SHOULD the gate at the Maximum Security Prison be opened for him now, former Death Row inmate Andrew Douglas would go straight to church.
Then he would look for work—hopefully with the Ministry of National Security, where he could contribute to crime prevention among troubled young people.
While Douglas spoke of his evolution as a human being since his days on Death Row, former prisons commissioner John Rougier appeared proud.
Rougier, an advocate of "reformation and not retribution" in the justice system, had just finished re-affirming his belief that change is possible at a panel discussion on the death penalty, hosted by the Institute of International Relations at the University of the West Indies (UWI), St Augustine, last Friday.
The audience, made up mostly of students, with a few activists and at least one "humanist" present, was engaged as Douglas spoke.
His first words as he took the podium at the Law Faculty lecture hall were, "It's good to be alive."
Douglas had nothing about him that suggested the crime he was convicted of in 1989—the murder of business owner Lall Sookdad.
Douglas admitted, though, to not supporting the death penalty. This was not as a result of facing it himself, he said, but simply because he believed "two wrongs don't make a right".
Dressed in a dark suit, hair neatly cut and face clean-shaven, Douglas presented more a scholarly air, with his glasses sliding down his nose and his eloquent address.
In what was an emotional moment for him—and for his audience—he said "sorry" to the family of Lall Sookdad.
"I know God has forgiven me," Douglas said. "I only hope the family can."
He would repeat his "sorry" statement many times after that, thanking God for the chance to live, even as he expressed regret for cutting short the life of another.
At no point did Douglas, who is now serving life in prison, attempt to lay blame.
Instead, he claimed culpability many times for his crimes, which saw him on Death Row for four years during 23 years so far in the system.
Though he disclosed that he had come from a single-parent home and faced abuse, Douglas said he did not consider his background an excuse for his involvement in a gang.
A former pupil of a St Augustine high school, Douglas said he carried a burden of emotional baggage that he had, over the years, slowly delivered to the places they belonged and laid to rest.
After making a decision to change and deciding he had had enough of a life in and out of the prison system, Douglas said he began to take part in as many reform programmes at the prison as he could.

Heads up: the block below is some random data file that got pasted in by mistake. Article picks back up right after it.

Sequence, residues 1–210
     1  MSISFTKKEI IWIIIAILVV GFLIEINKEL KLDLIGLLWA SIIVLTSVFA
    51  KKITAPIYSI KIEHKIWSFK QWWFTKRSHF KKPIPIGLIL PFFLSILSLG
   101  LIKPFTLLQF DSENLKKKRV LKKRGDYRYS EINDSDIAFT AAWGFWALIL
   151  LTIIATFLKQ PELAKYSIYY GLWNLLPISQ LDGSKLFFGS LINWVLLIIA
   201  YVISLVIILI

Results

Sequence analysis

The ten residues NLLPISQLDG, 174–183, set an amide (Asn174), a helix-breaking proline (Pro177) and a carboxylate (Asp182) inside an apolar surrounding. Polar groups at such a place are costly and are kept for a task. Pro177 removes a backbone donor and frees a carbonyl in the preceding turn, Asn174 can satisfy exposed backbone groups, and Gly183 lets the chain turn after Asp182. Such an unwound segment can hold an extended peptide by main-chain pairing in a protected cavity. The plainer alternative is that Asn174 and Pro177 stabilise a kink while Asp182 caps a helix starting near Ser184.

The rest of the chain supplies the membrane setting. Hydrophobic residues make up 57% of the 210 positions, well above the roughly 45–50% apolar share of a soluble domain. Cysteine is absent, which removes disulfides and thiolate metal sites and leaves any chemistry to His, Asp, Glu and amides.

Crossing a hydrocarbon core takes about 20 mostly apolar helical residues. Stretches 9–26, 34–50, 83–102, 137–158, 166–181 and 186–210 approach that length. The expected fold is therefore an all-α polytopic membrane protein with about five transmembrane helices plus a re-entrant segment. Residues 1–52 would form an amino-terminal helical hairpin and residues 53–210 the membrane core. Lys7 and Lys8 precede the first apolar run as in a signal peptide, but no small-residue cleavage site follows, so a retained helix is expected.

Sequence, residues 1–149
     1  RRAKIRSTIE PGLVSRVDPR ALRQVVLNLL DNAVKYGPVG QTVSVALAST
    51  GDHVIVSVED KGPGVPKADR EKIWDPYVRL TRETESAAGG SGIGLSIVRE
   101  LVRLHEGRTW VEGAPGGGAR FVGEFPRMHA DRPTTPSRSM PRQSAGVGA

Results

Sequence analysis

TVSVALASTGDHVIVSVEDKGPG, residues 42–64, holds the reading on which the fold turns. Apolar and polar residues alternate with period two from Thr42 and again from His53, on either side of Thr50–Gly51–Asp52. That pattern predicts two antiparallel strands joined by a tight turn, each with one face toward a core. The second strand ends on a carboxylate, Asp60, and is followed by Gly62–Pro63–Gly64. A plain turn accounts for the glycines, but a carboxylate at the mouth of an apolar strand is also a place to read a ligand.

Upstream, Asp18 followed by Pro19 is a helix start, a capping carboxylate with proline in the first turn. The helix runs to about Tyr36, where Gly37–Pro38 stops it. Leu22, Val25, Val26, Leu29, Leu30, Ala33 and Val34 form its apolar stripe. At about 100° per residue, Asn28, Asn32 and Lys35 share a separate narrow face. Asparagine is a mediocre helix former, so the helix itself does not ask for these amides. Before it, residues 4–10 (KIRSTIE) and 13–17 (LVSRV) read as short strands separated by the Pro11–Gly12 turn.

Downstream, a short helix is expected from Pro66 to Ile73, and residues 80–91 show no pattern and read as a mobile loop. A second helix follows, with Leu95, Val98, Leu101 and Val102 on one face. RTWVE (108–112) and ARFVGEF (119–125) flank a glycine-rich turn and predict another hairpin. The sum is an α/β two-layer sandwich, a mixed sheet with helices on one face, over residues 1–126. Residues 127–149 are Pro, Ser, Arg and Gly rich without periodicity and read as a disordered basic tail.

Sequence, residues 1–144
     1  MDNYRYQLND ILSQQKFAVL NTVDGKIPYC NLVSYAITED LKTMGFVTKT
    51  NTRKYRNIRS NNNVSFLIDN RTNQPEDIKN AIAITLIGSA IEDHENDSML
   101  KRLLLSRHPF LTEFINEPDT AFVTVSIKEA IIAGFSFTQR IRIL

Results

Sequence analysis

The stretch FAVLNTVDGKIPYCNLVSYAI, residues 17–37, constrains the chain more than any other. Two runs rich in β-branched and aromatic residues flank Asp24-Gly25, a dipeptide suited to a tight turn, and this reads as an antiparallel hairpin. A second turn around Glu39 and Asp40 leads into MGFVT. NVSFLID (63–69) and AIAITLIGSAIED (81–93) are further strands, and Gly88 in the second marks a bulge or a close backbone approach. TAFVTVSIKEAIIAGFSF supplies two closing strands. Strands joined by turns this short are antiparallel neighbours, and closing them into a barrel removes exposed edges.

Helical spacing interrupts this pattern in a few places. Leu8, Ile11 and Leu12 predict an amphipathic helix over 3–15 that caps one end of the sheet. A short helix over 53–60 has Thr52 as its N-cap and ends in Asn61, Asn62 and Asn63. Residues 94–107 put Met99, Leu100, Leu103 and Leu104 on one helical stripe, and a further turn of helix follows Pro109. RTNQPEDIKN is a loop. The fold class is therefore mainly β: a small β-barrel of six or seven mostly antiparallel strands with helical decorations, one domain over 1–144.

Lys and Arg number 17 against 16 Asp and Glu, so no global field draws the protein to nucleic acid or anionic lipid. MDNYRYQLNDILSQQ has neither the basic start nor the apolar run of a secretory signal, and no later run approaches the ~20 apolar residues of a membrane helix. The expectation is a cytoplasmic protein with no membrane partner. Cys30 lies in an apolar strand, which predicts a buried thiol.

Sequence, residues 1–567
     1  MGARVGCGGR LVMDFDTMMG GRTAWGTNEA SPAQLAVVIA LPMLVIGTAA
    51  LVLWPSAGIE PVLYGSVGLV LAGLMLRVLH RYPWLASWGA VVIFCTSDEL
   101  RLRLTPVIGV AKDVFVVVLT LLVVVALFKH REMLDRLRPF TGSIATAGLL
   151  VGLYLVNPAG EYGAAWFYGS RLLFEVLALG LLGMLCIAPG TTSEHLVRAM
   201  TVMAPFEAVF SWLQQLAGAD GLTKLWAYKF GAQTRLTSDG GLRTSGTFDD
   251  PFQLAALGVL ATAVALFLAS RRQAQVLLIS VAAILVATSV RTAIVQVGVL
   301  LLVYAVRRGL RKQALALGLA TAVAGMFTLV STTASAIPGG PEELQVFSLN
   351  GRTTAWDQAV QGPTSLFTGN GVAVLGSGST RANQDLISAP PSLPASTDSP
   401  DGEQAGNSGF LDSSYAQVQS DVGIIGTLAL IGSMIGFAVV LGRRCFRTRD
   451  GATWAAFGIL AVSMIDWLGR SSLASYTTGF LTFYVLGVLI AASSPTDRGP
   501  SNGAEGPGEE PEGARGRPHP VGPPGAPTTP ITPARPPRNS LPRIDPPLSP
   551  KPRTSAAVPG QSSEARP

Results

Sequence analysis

He also worked on his spirituality, he said, and while it may not be a requirement for all, he credits this as the vehicle that brought him to where he is.
"I believe that people can change, once the opportunity presents itself and the people want to change," Douglas said.
He is still "working on it" and, while he accepts that he will "never reach", he will always keep trying to be the best person he can be, Douglas said.
After making the decision to change, Douglas said he had to clear his mind of the negatives generated from traumatic experiences.
He then sought his purpose and his identity.
"You must have a purpose. You have to ask yourself what am I here for?," Douglas said.
Today he sees himself with many purposes—as a broadcaster and DJ with the prison's radio service, as an artist and as a poet.
Douglas, who placed second in an island-wide prisons poetry competition last year, recited the winning piece, in which he took responsibility, said thanks for life and pleaded for a chance to give back.
"I live by two words, besides that of God," Douglas said. "Choice and responsibility."
Speaking prior to Douglas's address, Rougier said the country's reform system rivalled and surpassed even those of some developed countries to which Trinidad and Tobago is often compared.
Rougier said he will also continue to support the proposal to allow conjugal rights to local prisoners, as long as the rules are adhered to.
He said the conjugal programmes are not just based on allowing prisoners to have sex with visiting wives, but on allowing family time that can, in the long term, keep more families together.
Part of his vision for prisons reform includes tutoring by university students, Rougier said.
Interim director at the Institute at UWI Dr Anthony P Gonzales, who opened the discussion, informed Rougier that if the will is there among the students, it could be done without too much delay from "the authorities".
The panel included Gordon Husbands, executive director, Penal Reform and Transformation Unit at the Ministry of National Security; Catherine Ali, of the International Community of Penal Abolition; and Rev Gwenolyn Hope Greaves, of the Hope Support Group.
Accompanying Greaves were three women who had lost children, friends and relatives to murder and who shared stories of how forgiveness had allowed them to heal.